Are student loans good or bad? Are they a great benefit or do they just add up to a bad investment?
In fact, they can be both. Good student loan debt can get you a college degree to help you move up the career ladder. Bad student loan debt can leave you ill-equipped to repay, crippling your finances for years to come.
To understand the pros and cons of student loans and other debt, let’s look at the following:
Good Studnet debt vs bad Studnet debt
Let’s take a look at what the difference is between bad and good debt:
What makes Good debt?
What is good debt, exactly? It’s about borrowing money for something that will appreciate or increase in value and make your loan worth the investment in time and money.
Mortgages: Mortgage loans can be considered a “good” type of debt. Unlike a car, which loses value the moment it pulls out of the parking lot, a house will (hopefully) increase in market value over time. If you sell it years later, you’ll (ideally) make enough profit to offset some of the principal and interest you paid on loan.
Small Business Loans: Entrepreneurs who apply for loans can also be on the bright side of debt, as the money they invest in paying for overhead, office space, equipment, employee training, and salaries must be paid overtime to make your business profitable. exit.
What makes debt bad?
Simply put, bad debt is borrowing money to pay for something that diminishes or decreases in value over time.
Auto Loans: Potentially high-interest rates not only increase the total principal amount you borrow, but the car you buy is often a depreciating asset. In that case, buying a car through an auto loan could add additional interest costs on top of maintenance, insurance, and gas which are normally added to the car’s current price.
Credit cards: This can be a good form of revolving debt, but it can turn “bad” if you let your balance build up, making the interest unmanageable. While some cards come with rewards and benefits, they may or may not be worth it if you end up paying a ton of interest.
So are student loans good or bad?
In the debate between good debt and bad debt, student loans fall into a gray area. They can be considered good debt because the money you’re borrowing to go to college is your ticket to earning a degree and getting hired in a high-paying job. This debt must be paid off over time with a profitable career.
In fact, having a college degree significantly increases your earning potential, compared to your peers with less education, according to the Student Loan Hero survey.
On the other hand, student loans can be bad because such a degree does not guarantee employment. Student loan debt currently tops the $1.64 trillion mark, with more than 45 million borrowers facing payment, according to our student loan debt statistics.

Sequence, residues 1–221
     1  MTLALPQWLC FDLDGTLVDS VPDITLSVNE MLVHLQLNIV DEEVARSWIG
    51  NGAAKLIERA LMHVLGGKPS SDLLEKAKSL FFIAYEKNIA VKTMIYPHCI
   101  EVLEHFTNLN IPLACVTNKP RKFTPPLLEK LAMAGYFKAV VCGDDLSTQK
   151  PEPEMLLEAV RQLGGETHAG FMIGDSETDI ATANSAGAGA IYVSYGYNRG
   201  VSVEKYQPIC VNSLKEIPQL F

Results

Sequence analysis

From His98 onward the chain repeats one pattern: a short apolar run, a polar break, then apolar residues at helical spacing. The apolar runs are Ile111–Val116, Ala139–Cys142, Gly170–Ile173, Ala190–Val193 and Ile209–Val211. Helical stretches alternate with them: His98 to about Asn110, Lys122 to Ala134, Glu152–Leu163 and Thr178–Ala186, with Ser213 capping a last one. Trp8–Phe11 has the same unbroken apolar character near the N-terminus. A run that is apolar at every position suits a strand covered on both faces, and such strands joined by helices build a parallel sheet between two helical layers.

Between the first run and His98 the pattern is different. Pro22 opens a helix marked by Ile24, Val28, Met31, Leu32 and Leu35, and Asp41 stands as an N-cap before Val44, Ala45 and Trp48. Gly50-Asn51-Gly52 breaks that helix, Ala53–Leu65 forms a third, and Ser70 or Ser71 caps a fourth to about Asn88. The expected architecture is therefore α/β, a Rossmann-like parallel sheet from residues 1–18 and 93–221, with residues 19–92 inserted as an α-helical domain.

While unemployment for college graduates has been historically low, it hasn’t always stayed that way. The Great Recession in 2008 and the coronavirus pandemic erupting in 2020 have worsened the job market for graduates and recent graduates. Even alumni who find jobs more easily than their peers may not earn the kind of salary that makes it easier to pay off student debt.
In fact, student loans can be the most difficult type of debt to reduce to just “good” or “bad,” since everyone’s financial and borrowing needs can be different. Instead, let’s consider the pros and cons of student loans.
Is student loan debt good? If
Student loans allow you to get a college education without paying full tuition. With a college degree, you increase your chances of finding a stable, well-paying job.
Some federal loans are subsidized. If you qualify, your interest will be paid over the selected time periods.
Federal loan interest rates are currently lower than most other loan products, and the interest is tax-deductible.
Federal student loans come with a variety of repayment plans (standard, graduated, extended, income-driven, etc.) that can make it easier for you to align loan payments with your budget.
Is student loan debt bad? If
Even if a college education improves your career chances, you may still find yourself unemployed after graduation.
Entry-level workers fresh out of college may also not earn enough to comfortably afford their loan payments. Also, the high value of debt compared to a lower salary can produce a distorted debt-to-income ratio, which can damage your credit.
Unaffordable student loan debt can lead to default and even default, which can ruin your credit score and prevent you from being approved for other types of credit.